Morris, Manning & Martin, LLP was called for comment on the new GSA schedule consolidation. "While Phase 1 of the consolidation went smoothly, there are still two phases left in the plan that may be more difficult for the GSA to implement," said Partner, C. Kelly Kroll.
In Phase 2, which will take several months, the GSA has to issue a mass modification to thousands of existing contracts to reflect the consolidation. That effort has already been pushed back a few weeks from the agency’s initial early January start date, suggesting that “maybe things are not going as smoothly as thought,” Kroll said.
Likely to exacerbate the issue is the widely used nature of the Schedules, which means that contracting officers from outside the GSA, used to doing things a certain way for a long time, may struggle to adapt at first.
“I think there’s going to be confusion and growing pains, if you will,” she said.
Then, in Phase 3, the GSA will work with companies that currently hold contracts across multiple schedules to consolidate their contracts into one, working out which provisions to keep and which to jettison.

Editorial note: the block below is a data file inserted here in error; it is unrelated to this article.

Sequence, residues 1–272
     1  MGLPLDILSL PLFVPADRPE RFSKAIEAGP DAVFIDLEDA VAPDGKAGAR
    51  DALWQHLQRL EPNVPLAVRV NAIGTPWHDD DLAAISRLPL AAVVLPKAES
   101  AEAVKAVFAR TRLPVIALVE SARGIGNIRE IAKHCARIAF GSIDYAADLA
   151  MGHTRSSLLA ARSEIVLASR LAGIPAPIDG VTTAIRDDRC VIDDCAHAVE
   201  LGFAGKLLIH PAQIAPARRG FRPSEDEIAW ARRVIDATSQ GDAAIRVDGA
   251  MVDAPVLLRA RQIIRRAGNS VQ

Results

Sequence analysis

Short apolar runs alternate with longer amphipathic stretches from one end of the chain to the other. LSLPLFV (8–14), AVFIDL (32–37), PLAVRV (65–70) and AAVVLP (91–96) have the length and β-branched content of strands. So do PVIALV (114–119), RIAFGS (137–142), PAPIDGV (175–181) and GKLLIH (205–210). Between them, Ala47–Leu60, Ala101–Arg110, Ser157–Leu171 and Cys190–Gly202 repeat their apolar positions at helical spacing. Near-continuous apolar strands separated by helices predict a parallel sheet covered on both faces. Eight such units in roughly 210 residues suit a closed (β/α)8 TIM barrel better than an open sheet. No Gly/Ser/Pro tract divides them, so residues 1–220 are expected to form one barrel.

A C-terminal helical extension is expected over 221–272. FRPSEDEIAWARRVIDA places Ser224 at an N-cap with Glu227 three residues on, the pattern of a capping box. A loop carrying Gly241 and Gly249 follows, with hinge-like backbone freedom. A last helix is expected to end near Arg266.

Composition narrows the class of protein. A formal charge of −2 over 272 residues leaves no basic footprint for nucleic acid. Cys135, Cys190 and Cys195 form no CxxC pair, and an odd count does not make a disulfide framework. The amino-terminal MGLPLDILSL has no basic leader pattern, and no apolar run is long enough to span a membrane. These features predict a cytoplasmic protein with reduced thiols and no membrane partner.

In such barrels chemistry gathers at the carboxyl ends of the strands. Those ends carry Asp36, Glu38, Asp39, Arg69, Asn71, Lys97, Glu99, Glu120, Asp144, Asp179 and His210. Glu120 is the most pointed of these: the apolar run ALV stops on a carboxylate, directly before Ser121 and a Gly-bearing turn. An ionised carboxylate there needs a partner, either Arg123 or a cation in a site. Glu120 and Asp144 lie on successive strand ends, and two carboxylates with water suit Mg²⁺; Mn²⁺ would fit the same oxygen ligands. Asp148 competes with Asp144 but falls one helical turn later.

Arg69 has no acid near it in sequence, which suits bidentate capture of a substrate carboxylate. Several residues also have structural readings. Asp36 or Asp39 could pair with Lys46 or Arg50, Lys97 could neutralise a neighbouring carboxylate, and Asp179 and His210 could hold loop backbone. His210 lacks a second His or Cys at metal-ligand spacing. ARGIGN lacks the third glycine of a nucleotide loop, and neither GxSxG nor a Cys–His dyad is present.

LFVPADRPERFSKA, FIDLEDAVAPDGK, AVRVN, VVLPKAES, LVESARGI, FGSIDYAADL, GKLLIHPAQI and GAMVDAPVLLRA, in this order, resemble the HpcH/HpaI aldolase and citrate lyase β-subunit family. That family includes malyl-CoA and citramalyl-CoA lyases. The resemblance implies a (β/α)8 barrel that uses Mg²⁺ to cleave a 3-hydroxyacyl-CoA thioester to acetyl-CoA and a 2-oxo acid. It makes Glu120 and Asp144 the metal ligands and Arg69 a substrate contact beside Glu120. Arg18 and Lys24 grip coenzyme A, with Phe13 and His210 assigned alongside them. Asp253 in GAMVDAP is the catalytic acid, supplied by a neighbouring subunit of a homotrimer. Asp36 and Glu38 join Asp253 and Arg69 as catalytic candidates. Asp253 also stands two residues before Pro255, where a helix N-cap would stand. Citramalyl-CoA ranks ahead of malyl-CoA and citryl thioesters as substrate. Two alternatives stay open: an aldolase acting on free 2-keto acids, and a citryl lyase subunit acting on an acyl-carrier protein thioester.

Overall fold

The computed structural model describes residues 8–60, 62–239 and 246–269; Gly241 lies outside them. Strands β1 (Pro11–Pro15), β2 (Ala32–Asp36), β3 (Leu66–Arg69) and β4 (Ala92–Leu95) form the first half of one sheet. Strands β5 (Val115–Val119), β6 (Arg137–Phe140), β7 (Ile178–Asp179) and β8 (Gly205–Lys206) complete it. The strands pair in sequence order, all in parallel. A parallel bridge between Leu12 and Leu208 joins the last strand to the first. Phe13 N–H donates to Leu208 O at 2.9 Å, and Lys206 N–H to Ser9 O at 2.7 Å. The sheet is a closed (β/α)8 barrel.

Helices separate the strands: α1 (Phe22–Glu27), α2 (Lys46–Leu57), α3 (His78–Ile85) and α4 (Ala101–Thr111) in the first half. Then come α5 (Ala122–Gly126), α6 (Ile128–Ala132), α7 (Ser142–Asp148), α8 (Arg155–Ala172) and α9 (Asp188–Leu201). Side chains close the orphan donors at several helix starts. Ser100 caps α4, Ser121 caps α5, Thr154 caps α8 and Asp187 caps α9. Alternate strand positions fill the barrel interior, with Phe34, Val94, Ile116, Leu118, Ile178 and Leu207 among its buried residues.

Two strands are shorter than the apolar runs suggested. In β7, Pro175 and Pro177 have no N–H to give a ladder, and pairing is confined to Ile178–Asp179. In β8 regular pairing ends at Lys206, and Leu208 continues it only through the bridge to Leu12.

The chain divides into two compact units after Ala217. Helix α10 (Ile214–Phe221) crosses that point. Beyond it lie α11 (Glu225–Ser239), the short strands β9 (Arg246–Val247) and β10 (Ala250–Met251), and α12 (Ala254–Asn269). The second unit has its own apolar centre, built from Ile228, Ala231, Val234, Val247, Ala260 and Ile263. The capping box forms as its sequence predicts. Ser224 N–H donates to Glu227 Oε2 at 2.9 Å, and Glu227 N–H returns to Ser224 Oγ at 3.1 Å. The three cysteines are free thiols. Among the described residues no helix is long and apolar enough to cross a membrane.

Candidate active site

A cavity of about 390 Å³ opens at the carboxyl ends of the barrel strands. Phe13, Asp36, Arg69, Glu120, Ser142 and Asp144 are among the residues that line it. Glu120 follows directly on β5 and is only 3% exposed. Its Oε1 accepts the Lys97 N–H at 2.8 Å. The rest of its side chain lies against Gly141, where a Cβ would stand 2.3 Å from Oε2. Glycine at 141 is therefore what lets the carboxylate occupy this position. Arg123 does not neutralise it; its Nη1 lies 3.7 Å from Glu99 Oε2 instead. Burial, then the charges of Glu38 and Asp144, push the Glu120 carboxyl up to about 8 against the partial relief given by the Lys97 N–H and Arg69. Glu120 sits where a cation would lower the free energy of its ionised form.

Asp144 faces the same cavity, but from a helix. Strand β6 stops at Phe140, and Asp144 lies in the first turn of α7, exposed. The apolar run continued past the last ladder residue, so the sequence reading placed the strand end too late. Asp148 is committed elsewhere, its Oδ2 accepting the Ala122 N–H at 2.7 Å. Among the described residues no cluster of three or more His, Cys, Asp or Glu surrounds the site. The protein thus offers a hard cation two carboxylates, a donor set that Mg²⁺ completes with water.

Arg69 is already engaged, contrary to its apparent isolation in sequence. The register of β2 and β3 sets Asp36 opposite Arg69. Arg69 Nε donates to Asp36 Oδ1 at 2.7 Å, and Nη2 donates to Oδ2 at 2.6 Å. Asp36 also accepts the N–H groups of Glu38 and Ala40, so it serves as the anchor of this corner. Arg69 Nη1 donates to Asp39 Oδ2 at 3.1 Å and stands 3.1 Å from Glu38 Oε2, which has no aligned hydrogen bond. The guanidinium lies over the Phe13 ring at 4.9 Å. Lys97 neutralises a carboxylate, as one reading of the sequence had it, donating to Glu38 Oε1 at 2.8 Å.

"That is likely to be the most difficult phase of all, as multiple Schedule contract holders hold a wide variety of different combinations of contracts, and there are also issues such as which contract takes precedence for price-escalation clauses if items were priced differently under different Schedules," Kroll noted.
“Everybody’s problem is different; there’s no one-size-fits-all [solution] for these contractors,” she said. “I think there’s going to be a lot of issues to work through there.”
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